More than one-third of American workers have less than $1,000 in savings and investments for retirement, according to the 2014 Retirement Confidence Survey from the Employee Benefit Research Institute. But even if you’ve been diligently saving for decades, you could still benefit from a few pointers on how to make that money survive as long as you do.
Here are some tips to make the most out of your golden years:
- Revisit your asset allocation. As you approach retirement, you’ll want to adjust your investment strategy to make it more conservative — but you don’t want to put everything under the mattress. The retirement experts at T. Rowe Price recommend keeping at least 20 percent of your investments in stocks after retirement to keep your return going strong.
- Delay retirement by a year or two. When your savings balances are at an all-time high, that’s when you reap the most benefit from compounding interest. Staying in the workforce a year or two longer allows you to collect big on investment returns (presuming the stock market is cooperating).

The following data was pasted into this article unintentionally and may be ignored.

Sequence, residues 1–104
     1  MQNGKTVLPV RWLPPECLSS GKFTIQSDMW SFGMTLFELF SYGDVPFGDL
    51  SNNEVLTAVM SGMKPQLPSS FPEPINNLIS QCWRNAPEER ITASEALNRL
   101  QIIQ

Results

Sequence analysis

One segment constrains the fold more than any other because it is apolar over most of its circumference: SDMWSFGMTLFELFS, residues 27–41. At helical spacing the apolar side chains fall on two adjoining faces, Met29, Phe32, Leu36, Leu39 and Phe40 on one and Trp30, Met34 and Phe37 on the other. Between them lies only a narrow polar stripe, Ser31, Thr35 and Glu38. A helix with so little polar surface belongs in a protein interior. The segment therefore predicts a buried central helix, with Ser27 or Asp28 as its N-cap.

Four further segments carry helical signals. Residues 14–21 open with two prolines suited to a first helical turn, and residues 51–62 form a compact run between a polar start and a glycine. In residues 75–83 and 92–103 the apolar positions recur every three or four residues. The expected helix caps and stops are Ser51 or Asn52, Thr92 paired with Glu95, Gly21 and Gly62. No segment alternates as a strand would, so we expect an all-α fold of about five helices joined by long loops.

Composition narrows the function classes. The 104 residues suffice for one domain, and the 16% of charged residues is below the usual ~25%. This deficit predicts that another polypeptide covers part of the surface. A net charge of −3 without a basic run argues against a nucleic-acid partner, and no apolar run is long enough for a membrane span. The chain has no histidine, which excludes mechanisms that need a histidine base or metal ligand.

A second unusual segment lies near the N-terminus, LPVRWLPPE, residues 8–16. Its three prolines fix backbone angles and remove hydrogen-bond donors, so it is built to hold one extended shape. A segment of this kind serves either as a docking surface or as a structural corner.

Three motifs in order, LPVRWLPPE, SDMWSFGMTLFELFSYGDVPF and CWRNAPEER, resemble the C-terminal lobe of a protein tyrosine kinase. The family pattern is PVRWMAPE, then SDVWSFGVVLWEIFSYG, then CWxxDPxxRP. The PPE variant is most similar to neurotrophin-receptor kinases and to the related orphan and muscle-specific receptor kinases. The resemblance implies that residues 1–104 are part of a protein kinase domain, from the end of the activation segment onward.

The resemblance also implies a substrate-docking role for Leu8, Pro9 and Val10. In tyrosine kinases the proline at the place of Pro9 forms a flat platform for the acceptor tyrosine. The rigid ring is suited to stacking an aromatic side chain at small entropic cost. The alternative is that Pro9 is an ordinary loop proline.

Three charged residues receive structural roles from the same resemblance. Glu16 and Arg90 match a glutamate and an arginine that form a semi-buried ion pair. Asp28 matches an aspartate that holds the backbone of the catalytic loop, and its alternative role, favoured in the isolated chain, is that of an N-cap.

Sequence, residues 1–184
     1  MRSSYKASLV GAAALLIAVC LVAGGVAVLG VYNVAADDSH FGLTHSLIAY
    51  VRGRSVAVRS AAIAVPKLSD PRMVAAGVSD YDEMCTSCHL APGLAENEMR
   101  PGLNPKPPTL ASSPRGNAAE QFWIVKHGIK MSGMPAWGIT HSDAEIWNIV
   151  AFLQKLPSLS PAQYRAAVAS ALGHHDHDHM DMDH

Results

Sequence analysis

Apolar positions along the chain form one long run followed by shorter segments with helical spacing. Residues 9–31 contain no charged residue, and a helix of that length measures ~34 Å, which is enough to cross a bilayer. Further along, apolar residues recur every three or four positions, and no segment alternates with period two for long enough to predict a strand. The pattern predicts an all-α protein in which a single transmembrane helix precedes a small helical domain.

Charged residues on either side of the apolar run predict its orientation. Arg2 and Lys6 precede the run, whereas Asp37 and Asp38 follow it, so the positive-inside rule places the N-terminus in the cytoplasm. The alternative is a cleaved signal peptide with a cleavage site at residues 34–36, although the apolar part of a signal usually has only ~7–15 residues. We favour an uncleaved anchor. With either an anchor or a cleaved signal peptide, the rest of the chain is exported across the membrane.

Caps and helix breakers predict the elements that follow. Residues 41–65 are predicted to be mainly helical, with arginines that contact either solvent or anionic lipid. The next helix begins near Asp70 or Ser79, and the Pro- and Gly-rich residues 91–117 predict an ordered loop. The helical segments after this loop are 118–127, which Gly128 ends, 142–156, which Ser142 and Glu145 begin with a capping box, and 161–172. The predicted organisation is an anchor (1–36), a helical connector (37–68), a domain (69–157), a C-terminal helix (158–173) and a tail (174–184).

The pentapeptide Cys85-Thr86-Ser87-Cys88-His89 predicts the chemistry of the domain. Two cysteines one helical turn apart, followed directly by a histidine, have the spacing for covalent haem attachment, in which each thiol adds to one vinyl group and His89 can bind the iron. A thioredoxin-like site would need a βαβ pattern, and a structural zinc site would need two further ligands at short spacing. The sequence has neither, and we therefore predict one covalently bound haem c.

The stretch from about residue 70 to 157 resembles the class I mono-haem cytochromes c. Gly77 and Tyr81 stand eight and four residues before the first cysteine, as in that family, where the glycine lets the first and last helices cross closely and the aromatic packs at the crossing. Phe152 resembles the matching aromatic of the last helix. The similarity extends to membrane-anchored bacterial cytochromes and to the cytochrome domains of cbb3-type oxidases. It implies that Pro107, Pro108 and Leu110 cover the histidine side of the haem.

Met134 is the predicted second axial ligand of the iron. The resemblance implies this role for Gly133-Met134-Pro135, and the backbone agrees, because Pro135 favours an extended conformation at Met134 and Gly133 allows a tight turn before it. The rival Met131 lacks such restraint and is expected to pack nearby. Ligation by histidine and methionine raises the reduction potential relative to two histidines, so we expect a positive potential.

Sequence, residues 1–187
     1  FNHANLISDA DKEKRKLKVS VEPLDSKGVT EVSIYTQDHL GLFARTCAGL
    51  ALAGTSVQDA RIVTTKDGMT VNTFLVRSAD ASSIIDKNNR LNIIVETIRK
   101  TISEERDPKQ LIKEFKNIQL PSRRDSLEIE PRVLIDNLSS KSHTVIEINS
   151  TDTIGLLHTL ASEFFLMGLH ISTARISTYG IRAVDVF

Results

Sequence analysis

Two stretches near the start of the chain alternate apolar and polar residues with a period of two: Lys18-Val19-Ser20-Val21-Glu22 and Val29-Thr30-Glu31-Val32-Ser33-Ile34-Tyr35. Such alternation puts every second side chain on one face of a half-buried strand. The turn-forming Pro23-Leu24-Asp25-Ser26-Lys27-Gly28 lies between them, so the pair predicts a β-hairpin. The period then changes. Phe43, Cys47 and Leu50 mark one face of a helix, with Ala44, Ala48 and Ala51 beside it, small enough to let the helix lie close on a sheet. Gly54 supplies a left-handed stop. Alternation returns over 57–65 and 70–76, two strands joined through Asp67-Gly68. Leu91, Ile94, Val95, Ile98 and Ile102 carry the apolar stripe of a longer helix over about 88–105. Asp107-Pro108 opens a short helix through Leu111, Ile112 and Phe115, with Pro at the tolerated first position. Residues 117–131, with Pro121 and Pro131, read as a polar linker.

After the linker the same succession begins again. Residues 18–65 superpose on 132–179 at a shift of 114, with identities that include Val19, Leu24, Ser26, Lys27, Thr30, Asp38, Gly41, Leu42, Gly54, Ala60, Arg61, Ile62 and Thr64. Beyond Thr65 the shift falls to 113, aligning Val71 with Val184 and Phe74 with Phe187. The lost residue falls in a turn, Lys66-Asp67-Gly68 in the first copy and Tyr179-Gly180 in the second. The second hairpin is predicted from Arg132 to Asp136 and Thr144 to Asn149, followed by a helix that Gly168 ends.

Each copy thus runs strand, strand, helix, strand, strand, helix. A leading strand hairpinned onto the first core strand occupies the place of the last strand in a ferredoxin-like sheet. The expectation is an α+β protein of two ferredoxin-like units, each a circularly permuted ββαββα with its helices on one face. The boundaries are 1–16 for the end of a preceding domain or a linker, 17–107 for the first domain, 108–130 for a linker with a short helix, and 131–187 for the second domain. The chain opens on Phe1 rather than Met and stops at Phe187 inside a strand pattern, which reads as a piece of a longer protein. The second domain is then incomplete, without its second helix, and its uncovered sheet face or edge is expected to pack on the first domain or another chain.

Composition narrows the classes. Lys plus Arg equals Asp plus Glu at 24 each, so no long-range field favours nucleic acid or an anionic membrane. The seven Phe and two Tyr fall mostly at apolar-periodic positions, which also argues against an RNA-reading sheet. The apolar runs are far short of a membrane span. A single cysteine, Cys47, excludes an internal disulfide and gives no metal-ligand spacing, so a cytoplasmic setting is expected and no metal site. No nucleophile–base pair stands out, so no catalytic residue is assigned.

- Minimize your withdrawal rate. Again, this is a strategy to allow compounding interest to work its magic for longer. Tap your non-retirement assets early — for example, downsizing your house and drawing on your profits from the sale. If you do dip into your retirement accounts immediately, keep your withdrawal rate to under 4 percent and your savings are almost guaranteed to outlive you (that’s a good thing!).
- Play catch-up late in the game. The IRS allows you to increase your IRA contributions to $5,500 per year once you’re over the age-50 threshold. Take advantage of the opportunity if possible.
- Seek out new retirement vehicles. Do you have freelance, self-employment, or hobby income? If so, you can open a SEP-IRA and contribute up to 25 percent of your income tax free. (Check here to see if you’re eligible.)